14th - 15th April 2001

Jubilation for Parr at Snetterton

- Matt Turner sets quickest time in wet qualifying
- Burt and Franchitti take first GTO win for Porsche GB

Kelvin Burt and Marino Franchitti, co-driving the Parr Motorsport Porsche 911 GT3-RS, came through atrocious conditions to record a masterful GTO win in Round Two of the Privilege Insurance British GT Championship at Snetterton yesterday, Sunday April 15th. Matt Turner proved to be the quickest in the wet qualifying session but due to early race damage, team mate Edward Horner would have to retire the car before the finish.

Victory came at the end of a thrilling race that also netted third place overall for the Porsche Cars GB pairing. Constant drizzle added to the standing water already on the greasy track to make for difficult conditions. Once racing began the whole effect was made much worse by mounting spray from the other competitors, but Burt, in particular, appeared to relish the challenge.

The first hint that the duo were on course for a good result came in qualifying.
In Saturday's morning session Kelvin Burt was just pipped for GTO pole by Ben Devlin in the Hayles Racing GTO Viper. A matter of less than thirteen one-hundredths of a second separated the two cars, but the ex-Touring Car ace was happy with the situation. "I can hold with that under race conditions," he said. Ed Horner, driving the #54 Parr Motorsport Porsche, set a best of 1:09.254 to be fourth, less than a tenth adrift of the similar third-placed Harlow Motorsport entry.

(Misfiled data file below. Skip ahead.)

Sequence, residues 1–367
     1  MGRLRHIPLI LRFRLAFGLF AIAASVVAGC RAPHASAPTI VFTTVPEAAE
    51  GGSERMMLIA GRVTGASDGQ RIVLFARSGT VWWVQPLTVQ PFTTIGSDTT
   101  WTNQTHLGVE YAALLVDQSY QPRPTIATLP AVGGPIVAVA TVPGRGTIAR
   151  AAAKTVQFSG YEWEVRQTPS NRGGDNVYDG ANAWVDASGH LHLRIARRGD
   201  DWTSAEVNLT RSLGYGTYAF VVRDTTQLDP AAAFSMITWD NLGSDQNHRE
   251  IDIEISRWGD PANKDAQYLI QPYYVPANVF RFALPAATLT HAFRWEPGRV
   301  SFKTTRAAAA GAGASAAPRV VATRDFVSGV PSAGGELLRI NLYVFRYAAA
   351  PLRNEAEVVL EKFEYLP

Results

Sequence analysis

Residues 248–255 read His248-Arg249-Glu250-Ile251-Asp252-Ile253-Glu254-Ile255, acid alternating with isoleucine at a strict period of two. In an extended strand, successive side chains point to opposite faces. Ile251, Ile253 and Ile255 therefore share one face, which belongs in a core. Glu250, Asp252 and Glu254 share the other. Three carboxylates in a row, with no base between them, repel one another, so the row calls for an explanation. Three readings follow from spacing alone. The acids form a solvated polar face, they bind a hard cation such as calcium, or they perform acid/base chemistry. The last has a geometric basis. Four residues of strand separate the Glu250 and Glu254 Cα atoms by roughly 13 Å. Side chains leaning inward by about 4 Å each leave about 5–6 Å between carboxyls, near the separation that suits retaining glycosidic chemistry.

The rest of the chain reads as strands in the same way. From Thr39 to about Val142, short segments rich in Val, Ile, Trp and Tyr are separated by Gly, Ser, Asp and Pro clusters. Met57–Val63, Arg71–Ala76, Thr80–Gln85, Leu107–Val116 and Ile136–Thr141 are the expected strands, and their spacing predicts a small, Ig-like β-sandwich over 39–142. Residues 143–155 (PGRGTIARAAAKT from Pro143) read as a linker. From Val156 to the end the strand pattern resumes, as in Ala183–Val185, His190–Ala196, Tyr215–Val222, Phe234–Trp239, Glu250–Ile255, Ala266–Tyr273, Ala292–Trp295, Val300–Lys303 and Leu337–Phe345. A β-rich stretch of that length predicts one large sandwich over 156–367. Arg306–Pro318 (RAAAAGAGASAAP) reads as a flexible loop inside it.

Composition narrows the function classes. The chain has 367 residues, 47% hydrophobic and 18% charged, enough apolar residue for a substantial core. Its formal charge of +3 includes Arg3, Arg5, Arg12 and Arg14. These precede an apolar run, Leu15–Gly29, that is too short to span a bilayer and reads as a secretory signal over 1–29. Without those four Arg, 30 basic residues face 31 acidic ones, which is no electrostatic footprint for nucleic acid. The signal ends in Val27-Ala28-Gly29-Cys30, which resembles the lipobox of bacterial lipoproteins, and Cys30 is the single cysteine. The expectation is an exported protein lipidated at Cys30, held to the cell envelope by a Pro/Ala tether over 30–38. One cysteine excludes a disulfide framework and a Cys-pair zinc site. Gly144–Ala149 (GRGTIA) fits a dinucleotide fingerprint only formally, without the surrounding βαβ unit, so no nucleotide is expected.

Those morning times were never going to be bettered. By mid-afternoon 2nd Qualifying Session the conditions had changed and the track was distinctly damp. Marino Franchitti took over from Burt in the #53 car posting a best of 1:16.043 to finish the session 2nd quickest in GTO, just behind team-mate Matt Turner in the #54 car with a 1:15.759. The Porsche GB works cars were obviously quick in the wet as Turner was on the pace with even the GT cars in the class above. Turner was happy with the handling of the car and pleased to take pole for the session.

Paul Robe, Parr's team manager, was pleased with the way things stood. "We had a good first qualifying, but to go quickest in the wet when the forecast for the race is unlikely to be fully dry is very pleasing," he said. And so it proved. Turner looked forward with confidence to the race, unfortunately he would never get a chance to demonstrate his speed again.